Chef Dolan has also included a few stories of travel, fish, and eating that showcase his humor, quick wit, and thoughtfulness. About a sauna, swimming in the frozen sea, and the meal afterward, Dolan said, “One by one, these crazy Finns leapt in and swam about as if it was noon and they were at Club Med somewhere in the Caribbean. What else was I to do except take the plunge—literally. What a contrast as I felt my heart implode and an unexpected feeling of warmth. I thought I was dying. Then this passed and it was time to get out. Thanks to a little insane moment of ice swimming, we were ravenous and alive. At the center of the table was a beautiful arctic char, roasted whole and awaiting its place in our bellies. Dill and butter-poached potatoes, smoked whitefish, pickled herring, roasted beets, butter lettuces, caviars, and mind-blowing sour breads encircled this magnificently roasted cold-water fish. There were marinated cucumbers known as grandma’s cucumbers, sausages, wine, and beer. The inherent simplicity and care with how this feast came together would later redefine my cooking.

Chef Questionnaire (with a nod to Proust):

What is your favorite food to cook at home?
Risotto, seasonally driven, usually with mushrooms.

What do you always have in your fridge at home?
Beer and ham. Simple staples.

Caviar+Lobster. i8tonite with Chef and Simply Fish Author Matthew Dolan & Recipe for Smoked Salmon Frittata
Caviar+Lobster

What marked characteristic do you love in a person with whom you are sharing a meal?
Excitement for the experience, the food, and the effort that surrounds it.

What marked characteristic do you find unappealing in a person with whom you are sharing a meal?
Inferior table manners. I am worried that we are losing sight of the importance of table manners. I still believe that good manners shows that we respect each other, as well as the time we have committed to one another. And speaking with food in your mouth is silly and awful…it would be nice if we stood when others join the table, but I realize this is asking too much.

Beer, wine, or cocktail?
Beer mostly, softer and gentler wines always, but I am not a tough guy who can handle heavier brown spirits, so if it’s cocktails, we are talking Dark and Stormy or a very fresh margarita – no salt nor triple sec.

Your favorite cookbook author?
Michel Roux

Your favorite kitchen tool?
Tasting spoon. The difference between good and great is determined by this tool.

i8tonite with Chef and Simply Fish Author Matthew Dolan & Recipe for Smoked Salmon Frittata

Favorite types of cuisine to cook?
Tough question. I’m an Irish-American with a classical French background. I employ the French and Italian, borrow from the Chinese at times, but the favorite path is driven by sustainable seafood and making the most of ethical choices that are market driven.

Beef, chicken, pork, or tofu?
Pork.

Favorite vegetable?
Asparagus

Chef you most admire?
Pierre Gagnaire

Food you like the most to eat?
Szechuan Dumplings

Food you dislike the most?
Kidneys. Can’t do it.

What is your favorite non-food thing to do?
Sky dive – only been once, but need to go again quickly

tuna cucumber persimmon terrine. From i8tonite with Chef and Simply Fish Author Matthew Dolan & Recipe for Smoked Salmon Frittata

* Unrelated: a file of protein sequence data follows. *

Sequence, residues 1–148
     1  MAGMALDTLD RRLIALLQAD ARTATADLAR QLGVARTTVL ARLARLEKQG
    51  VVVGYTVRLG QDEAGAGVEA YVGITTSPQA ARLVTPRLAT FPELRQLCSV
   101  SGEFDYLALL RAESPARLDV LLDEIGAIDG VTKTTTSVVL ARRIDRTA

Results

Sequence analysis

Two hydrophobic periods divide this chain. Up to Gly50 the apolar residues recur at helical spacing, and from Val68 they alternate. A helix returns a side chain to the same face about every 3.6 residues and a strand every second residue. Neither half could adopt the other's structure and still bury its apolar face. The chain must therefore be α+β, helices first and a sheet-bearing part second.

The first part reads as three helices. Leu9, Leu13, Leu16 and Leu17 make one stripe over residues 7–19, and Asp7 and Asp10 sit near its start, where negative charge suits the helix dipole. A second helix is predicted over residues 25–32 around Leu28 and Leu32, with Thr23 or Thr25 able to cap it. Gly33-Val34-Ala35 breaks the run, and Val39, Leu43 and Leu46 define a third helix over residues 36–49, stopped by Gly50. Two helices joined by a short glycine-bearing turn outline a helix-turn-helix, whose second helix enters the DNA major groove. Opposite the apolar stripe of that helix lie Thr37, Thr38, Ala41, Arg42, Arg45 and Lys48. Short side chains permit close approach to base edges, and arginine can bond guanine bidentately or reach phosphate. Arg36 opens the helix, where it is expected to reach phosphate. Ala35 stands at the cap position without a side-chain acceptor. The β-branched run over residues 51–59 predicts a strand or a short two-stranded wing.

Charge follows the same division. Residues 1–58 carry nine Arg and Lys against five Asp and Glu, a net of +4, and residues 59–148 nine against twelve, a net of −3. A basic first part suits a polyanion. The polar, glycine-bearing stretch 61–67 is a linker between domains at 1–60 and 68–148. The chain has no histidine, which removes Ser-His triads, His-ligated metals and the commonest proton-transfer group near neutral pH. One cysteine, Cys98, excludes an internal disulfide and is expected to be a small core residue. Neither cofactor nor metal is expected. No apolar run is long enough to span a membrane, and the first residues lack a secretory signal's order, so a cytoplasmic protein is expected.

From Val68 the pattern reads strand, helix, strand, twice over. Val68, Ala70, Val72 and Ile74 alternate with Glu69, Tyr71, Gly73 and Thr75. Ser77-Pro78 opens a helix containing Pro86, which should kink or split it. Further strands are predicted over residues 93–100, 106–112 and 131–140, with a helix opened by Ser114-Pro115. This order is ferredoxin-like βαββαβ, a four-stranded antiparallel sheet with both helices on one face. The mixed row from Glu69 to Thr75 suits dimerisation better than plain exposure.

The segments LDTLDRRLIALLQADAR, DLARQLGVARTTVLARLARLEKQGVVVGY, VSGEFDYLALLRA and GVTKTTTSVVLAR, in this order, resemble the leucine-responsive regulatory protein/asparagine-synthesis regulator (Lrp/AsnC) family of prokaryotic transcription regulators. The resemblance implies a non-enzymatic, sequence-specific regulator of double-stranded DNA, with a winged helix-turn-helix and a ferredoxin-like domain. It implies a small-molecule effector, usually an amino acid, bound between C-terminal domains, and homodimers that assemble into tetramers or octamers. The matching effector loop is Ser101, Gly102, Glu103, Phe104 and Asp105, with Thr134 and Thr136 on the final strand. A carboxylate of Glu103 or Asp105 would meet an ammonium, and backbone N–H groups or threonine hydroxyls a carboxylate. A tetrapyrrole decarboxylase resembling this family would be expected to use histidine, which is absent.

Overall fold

tuna cucumber persimmon terrine

Who do you most admire in food?
Anybody that agrees that food has the ability to take people away from their lives, their issues, and create a moment of joy. There are loads of us doing this, but those that care about the individual receiving the food first, I admire you. And we waste too much food in the USA. So if you are controlling your portion size and making efforts to reduce food waste, I admire you even more.

Where is your favorite place to eat?
There is a Korean inspired place here in San Francisco, Namu Gaji, and it has become a regular thing. They do a really good job.

What is your favorite restaurant?
I have to say, Farm Shop in Brentwood (LA), California is a very amazing and consistent place. That said, Liho Liho Yacht Club in San Francisco is a stunner, as well.

Do you have any tattoos? And if so, how many are of food?
I only have accidental tattoos, or scars from burns if you will, after twenty-eight years in the kitchen. I think that they are a lot cooler and less of a time commitment. Not opposed, maybe one day?

Recipe: smoked salmon and farm egg frittata with basil, lemon, chives, and tomato

serves 4

Recipe for smoked salmon and farm egg frittata. From i8tonite with Chef and Simply Fish Author Matthew Dolan & Recipe for Smoked Salmon Frittata

what I cook at home, actually this is also from the book

10 free-range or organic eggs (if farm-direct, the flavor’s even better)
½ cup sour cream
Juice of 1 lemon
Zest of 1 lemon
2 teaspoons salt
1 teaspoon pepper
1 cup grated sharp cheddar cheese
½ pound Pacific or sockeye smoked salmon, sliced into thin strips
1 cup basil leaves, destemmed, torn
2 Tablespoons (½ bunch) fresh chives, diced
1 cup cherry tomatoes, halved lengthwise (reserve ½ cup for garnish)
2 Tablespoons cooking oil
1 Tablespoon unsalted butter

what to drink
Blanc de blanc champagne
Txakolina Rosé from Spain
Your favorite daytime drinking beer
Bloody Mary

what to tell the fish guy
You probably don’t need the fish guy for this one. There is usually a refrigerated case close to the fish counter that will have what you are looking for. But, if the fish guy has some smoked fish options that are not pre-packaged, you can ask where the fish is from and when it was smoked. Normally, fish will be brined or cured before smoking. If you go the prepackaged route, check the sell by date; the fresher the better.